Bainbridge Island Rowing athletes have rowed in Eagle Harbor for almost twenty years. But starting long before BIR’s beginnings in 2001, the Suquamish history includes thousands of years of rowing in Puget Sound.
Clear Salt Water
Rowing was the primary means of transportation for the Suquamish. Because the heavily forested region was difficult to navigate on foot, the Suquamish spent much of their time in canoes on the water, whether for fishing, for food gathering, for visiting other villages, or for relocating seasonally to different encampments. In fact, their history is so connected to the water that their name reflects it: Suquamish is a Lushootseed phrase meaning “people of the clear salt water.”
BIR rowers today use rowing shells, but the Suquamish relied on dugout canoes. The Suquamish Tribe website explains the process of building a dugout canoe, which could take a year from start to finish. A master canoe maker, who was likely trained in the craft from childhood, would look for the ideal tree, which “had to be straight and tall, have few branches, be near the water, free of rot and have a soft place to fall.” Western Red Cedar and Yellow cedar were often good choices because they weigh less than other trees, are hard, and are oily, which contributes to their longevity in the water.
After felling the tree, the craftsman would fashion the hull from the trunk by using hand mauls to strike chisels and wedges. Once that was done, the tree was turned over so the builder could carve out the inside. The builder spread the sides of the canoe with steam by filling it partway with water and hot stones and then wedging cross sticks into the opening.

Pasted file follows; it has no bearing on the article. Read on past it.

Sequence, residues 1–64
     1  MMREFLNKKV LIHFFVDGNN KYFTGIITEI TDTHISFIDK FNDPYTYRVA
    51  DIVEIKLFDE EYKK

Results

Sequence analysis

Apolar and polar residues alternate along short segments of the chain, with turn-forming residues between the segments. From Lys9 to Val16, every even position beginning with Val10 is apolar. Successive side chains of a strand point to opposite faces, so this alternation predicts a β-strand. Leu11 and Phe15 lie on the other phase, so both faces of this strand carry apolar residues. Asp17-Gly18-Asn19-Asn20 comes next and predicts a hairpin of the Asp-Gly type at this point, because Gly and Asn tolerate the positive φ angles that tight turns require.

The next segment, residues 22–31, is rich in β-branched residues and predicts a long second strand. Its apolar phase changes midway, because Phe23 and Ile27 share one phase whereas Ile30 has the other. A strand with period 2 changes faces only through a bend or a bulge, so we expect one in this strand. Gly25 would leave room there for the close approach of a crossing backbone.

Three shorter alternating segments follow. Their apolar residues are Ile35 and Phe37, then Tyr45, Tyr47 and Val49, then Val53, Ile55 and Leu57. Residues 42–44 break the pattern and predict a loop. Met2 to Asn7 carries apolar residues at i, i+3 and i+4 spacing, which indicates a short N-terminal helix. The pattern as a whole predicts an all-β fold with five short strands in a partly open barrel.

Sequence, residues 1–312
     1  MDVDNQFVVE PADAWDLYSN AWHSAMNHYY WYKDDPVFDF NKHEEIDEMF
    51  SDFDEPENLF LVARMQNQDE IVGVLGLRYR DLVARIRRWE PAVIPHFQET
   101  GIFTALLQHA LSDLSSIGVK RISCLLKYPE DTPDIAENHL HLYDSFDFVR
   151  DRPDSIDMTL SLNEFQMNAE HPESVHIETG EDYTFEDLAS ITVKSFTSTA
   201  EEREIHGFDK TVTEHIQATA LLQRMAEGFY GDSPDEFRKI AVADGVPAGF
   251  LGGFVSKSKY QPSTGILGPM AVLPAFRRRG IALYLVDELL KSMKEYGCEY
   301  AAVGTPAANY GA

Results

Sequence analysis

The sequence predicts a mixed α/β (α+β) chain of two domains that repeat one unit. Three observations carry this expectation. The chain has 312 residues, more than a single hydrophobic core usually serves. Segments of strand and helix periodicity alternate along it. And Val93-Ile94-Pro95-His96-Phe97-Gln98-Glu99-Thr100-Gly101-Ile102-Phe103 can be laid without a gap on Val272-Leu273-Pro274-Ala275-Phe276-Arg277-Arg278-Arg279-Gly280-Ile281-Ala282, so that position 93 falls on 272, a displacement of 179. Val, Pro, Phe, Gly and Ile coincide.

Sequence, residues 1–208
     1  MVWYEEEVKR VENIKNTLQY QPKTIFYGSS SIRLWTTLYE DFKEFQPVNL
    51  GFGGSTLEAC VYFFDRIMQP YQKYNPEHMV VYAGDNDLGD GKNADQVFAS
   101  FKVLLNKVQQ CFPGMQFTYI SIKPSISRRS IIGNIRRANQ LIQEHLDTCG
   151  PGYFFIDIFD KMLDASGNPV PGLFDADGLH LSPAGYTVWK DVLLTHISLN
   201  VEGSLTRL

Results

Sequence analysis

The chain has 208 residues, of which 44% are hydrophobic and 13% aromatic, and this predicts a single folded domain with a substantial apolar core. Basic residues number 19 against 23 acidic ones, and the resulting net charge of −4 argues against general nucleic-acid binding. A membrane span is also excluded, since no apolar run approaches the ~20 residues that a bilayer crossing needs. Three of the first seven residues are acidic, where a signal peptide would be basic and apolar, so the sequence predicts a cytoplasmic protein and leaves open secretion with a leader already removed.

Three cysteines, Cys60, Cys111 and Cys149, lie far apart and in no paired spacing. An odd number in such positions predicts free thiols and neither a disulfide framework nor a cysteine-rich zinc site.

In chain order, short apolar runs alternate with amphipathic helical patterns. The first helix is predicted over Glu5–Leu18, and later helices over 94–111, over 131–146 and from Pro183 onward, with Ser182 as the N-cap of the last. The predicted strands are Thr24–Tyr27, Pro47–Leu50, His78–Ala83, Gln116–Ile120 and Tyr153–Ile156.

The Suquamish spent winters in permanent villages at what we know now as Suquamish, Point Bolin, Poulsbo, Silverdale, Chico, Colby, and Olalla, and on Bainbridge Island in the areas of Point White, Lynwood Center, Eagle Harbor, Port Madison, and Battle Point. Old Man House in Suquamish was the winter residence of Chief Seattle and Chief Kitsap. The winter homes consisted of cedar plank and log longhouses. In the spring and throughout the summer and fall people would travel by canoe to temporary camps for fishing, hunting, and gathering. At these seasonal camps they lived in shelters made of tree saplings and woven cattail mats.
Today’s Eagle Harbor rowers follow some of the same “clear salt water” routes taken by the Suquamish so long ago, and they never tire of learning about the rich history of Northwest rowing.
Information on history of Suquamish rowing from Suquamish Tribe website.
Featured image from page 28 of “Souvenir of Chief Seattle and Princess Angeline, gleaned from Indian traditions and historic records of Puget Sound” (1909). Chief Seattle photo by Brian Glanz.